General Approach

A patient with a chronic condition is responsible for much of his or her own care that determines outcomes in the long run. Understanding diversity and the factors that influence human behavior is essential to tailor a treatment plan that works at an individual level. Culture and ethnicity may determine certain beliefs, but there is enormous variation among individuals within any given cultural or ethnic population.

The following information provides a roadmap to build trust—the essential element in providing quality care.

  1. Communication skills and belief systems
    Assess a patient’s communication skills and belief systems prior to developing a treatment plan. Common areas to explore are the patient’s education level, duration in the United States, and familiarity with the health care system. Many cultures have a traditional healer. There may be a benefit in asking about prior treatment and whether the patient has sought help from a traditional healer or taken traditional home remedies.1
  2. Populations with limited English skills
    Patients with English as a second language or no significant English skills require translation. Untrained translators and/or family members may not have the skills to effectively translate complex medical concepts. Care for this population is best when the health care team has access to a trained medical translator who is also culturally competent. The quality of care requires effective communication. The Americans with Disabilities Act requires that translation services be provided at no cost to patients with limited English skills.2 In addition, the 2010 Patient Protection and Affordable Care Act requires information related to health plan benefits to be provided in the patient’s own language.3
  3. Assess health literacy
    Education level partially defines health literacy, but does not define when there is a potential problem. The ability to read medication labels or understand simple disease concepts should be assessed initially and again if there is evidence of poor medication adherence or a lack of desirable behavioral changes. Patients with limited English skills may have poor health literacy in their own language, limiting the value of printed in-language health information. Included in health literacy is numeracy, the ability to understand mathematical concepts.4 The simple phrase “twice a day” may need to be restated as “two times a day.”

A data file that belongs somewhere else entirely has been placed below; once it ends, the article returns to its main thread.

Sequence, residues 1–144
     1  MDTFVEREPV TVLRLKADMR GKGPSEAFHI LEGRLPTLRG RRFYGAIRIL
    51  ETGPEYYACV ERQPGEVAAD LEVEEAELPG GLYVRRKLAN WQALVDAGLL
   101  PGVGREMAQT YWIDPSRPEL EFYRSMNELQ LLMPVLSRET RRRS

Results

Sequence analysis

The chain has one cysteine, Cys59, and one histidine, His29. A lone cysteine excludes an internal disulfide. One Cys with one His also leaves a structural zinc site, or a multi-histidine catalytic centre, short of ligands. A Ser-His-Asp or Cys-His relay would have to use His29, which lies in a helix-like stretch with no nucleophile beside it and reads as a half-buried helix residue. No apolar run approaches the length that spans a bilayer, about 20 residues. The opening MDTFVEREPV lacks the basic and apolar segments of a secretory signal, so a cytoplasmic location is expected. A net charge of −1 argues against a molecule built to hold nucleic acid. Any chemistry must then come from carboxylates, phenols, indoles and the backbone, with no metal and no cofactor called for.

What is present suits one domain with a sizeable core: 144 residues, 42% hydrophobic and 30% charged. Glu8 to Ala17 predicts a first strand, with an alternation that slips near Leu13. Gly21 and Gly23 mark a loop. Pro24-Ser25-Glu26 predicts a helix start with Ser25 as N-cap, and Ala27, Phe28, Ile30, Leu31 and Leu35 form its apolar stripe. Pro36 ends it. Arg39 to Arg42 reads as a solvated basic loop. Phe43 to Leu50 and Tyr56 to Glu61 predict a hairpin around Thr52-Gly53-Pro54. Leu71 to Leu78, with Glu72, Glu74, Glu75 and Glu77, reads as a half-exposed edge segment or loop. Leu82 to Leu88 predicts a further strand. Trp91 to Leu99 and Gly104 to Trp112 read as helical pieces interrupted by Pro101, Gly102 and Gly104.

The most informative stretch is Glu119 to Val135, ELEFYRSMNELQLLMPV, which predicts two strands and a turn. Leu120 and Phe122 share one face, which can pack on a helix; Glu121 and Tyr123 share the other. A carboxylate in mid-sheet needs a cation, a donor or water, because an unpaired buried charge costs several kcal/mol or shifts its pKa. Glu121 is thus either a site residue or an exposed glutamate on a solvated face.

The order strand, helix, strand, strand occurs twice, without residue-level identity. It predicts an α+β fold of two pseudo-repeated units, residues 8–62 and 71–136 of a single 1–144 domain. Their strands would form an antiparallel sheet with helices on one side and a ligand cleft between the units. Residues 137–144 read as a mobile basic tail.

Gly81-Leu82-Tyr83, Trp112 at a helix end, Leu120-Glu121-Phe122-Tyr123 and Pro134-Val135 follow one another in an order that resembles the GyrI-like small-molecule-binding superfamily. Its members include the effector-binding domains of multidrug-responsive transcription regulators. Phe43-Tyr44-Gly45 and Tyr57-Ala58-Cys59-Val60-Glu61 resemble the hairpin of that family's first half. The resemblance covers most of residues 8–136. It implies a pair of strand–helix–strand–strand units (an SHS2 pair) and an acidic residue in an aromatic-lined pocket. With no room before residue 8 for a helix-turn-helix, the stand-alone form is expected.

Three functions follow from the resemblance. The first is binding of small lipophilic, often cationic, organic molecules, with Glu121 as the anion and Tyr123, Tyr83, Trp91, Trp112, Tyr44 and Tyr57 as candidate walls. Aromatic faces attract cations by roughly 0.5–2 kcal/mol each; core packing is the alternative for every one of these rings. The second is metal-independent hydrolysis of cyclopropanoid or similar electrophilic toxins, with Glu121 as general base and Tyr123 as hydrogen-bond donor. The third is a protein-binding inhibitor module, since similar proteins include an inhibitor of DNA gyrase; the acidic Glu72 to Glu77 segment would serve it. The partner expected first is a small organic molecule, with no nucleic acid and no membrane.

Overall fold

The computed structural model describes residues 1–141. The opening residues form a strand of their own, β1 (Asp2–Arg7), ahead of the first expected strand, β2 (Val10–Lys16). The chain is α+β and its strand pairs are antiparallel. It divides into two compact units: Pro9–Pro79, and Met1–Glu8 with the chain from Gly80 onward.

4. Cultural and religious beliefs
    Most immigrant patients and their offspring in the United States have some degree of acculturation, but the degree that cultural beliefs influence health varies by individual and should be assessed. Fatalism, the acceptance of a disease condition as a person’s destiny, is a common belief that is a barrier to chronic medical therapy.5,6 The cultural role of family is often a critical element in managing diabetes.7
  5. Sensory and physical limitations
    Hearing and sight are critical for communication. Older adults are particularly prone to physical problems, but they may exist in other populations and go unnoticed due to factors such as language barriers and health literacy.
  6. Alternative approaches to communication and access to care
    The team approach to managing specific populations is often a critical component to delivering effective care. Expanding the role of the medical translator to a community health worker is an effective approach for a population with limited English skills.8 Educational material may need to be adapted to forms of verbal communication such as storytelling.9